Urban mobility is highly complex and brings with it new risks. Groups that are particularly vulnerable in traffic situations are pedestrians and cyclists. Bosch’s new smart systems are equipped with radar sensors and video cameras, allowing them to detect these road users even in complex traffic situations.
The system will then warn the driver and even intervene if necessary. This is achieved in defined situations through the communication and interaction of a variety of components. The end result is the avoidance, or at least a reduction, of accidents in city traffic.
Safety is the cornerstone of automated driving
“Bosch believes that the most substantial impact that the auto industry can make is to produce safer vehicles equipped with modern safety systems,” said Hayes.
|Bosch believes that the most substantial impact that the auto industry can make is to produce safer vehicles equipped with modern safety systems.|
In 1978, the world’s first Anti-Lock Braking System (ABS) was introduced for passenger cars. A version for two-wheelers—motorcycle ABS—was introduced in 1995. ABS enables safe braking, allowing the driver to maintain steering control and in most situations shortens braking distance without skidding.
Bosch research estimates that if every powered two-wheeler were equipped with ABS, around one in four of all motorcycle accidents in the ASEAN countries could be prevented.
To further enhance safety in vehicles, the Electronic Stability Program (ESP®) went into series production in 1995. It comprises the functions of the ABS and detects skidding movements, and actively counteracts them.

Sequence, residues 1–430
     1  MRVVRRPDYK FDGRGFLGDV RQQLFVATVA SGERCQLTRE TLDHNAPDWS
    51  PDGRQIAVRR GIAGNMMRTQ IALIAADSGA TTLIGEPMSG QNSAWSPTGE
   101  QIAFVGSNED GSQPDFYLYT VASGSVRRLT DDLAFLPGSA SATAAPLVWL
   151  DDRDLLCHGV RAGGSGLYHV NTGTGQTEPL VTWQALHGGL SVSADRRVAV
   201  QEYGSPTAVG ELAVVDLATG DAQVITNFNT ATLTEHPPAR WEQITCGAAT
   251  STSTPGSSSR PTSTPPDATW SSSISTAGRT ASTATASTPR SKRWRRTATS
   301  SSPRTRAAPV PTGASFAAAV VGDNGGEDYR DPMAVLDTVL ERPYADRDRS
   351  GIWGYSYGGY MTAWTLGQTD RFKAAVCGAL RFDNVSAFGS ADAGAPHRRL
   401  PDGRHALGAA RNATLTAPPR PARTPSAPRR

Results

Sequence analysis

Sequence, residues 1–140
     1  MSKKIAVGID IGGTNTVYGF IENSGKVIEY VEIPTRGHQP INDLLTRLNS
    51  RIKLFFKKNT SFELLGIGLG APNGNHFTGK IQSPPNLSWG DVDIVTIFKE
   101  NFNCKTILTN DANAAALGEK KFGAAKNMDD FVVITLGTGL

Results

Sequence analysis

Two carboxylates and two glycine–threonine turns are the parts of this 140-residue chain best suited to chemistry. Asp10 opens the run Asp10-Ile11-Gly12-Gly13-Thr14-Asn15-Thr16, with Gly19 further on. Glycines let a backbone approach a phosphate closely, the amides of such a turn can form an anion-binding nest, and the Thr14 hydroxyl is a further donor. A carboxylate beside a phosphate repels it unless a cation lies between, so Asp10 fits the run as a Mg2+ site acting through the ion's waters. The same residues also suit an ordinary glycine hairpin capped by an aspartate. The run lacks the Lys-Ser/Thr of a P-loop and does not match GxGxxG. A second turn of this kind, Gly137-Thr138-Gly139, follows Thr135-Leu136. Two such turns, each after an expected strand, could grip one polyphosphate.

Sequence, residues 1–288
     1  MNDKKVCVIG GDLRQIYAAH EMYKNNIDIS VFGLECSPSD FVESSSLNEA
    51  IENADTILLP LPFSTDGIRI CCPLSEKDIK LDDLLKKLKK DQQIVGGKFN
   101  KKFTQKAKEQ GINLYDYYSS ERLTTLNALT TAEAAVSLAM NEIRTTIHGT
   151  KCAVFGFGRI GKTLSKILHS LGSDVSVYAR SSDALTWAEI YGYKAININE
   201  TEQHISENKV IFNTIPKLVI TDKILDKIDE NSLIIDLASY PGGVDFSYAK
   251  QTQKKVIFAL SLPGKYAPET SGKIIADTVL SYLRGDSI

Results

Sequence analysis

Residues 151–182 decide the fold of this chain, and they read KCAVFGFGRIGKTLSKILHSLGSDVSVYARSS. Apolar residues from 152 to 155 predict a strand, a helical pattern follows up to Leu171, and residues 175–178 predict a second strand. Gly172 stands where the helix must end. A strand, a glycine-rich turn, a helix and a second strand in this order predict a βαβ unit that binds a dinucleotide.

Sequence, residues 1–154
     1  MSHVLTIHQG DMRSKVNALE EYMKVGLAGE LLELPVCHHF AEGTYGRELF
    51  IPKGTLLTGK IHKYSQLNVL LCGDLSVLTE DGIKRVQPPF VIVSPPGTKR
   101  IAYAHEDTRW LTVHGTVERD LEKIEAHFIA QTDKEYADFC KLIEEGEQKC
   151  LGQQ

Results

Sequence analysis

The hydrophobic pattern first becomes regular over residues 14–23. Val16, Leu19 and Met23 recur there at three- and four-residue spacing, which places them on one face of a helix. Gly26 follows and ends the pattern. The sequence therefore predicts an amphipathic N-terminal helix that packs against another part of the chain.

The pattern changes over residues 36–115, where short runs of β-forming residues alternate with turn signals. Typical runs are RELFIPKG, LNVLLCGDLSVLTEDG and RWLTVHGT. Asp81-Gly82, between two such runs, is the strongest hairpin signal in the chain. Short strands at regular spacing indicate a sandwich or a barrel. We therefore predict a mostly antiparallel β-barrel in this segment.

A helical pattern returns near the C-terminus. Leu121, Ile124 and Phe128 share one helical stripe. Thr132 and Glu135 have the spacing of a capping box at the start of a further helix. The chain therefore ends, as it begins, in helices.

With ESP® technology in place, 80 per cent of skidding accidents can be prevented, ultimately improving driver safety. ESP® is also the basic technology for many driver assistance systems and automated driving.
The UN General Assembly has proclaimed 2011 to 2020 as the Decade of Action for Road Safety and throughout the ASEAN, Bosch has been actively shaping change by working closely with governments, universities, and NGOs, with the goal of reducing road traffic accidents to the absolute minimum.
One effective way to achieve this is with the mandate to equip all new vehicles with ESP® as early as the next manufacturing cycle.
By June 2018, all new cars in Malaysia will be equipped with ESP®. Bosch believes that other ASEAN countries should have a strong interest to follow suit in order to substantially increase road safety.
Emissions-free mobility is electrified mobility
Bosch has committed to electromobility in a systematic, integrated manner, allocating significant parts of its seven-billion-euro R&D budget to ensure that powertrains are fit for the future, with environmental protection and resource conservation in mind.
The International Energy Agency (IEA) estimates that urban areas account for 67 per cent of energy-related global greenhouse gas emissions, 28 per cent of which is currently used for transport and without efforts to curb consumption and output, this will increase to roughly 70 per cent in 2050.
With battery-powered electric two- and four-wheel vehicles becoming a major fixture in the vehicle ranges of leading manufacturers, electrification is seen to become a favoured alternative in further reducing CO2 emissions.
“Cities around the world are rethinking urban mobility and actively promote the usage of alternative transport modes. These are often enabled by technology innovations that radically transform the way we travel. Commitment from the public, private, NGO, and government sector is instrumental in fulfilling the vision of a sustainable urban mobility,” Hayes concluded.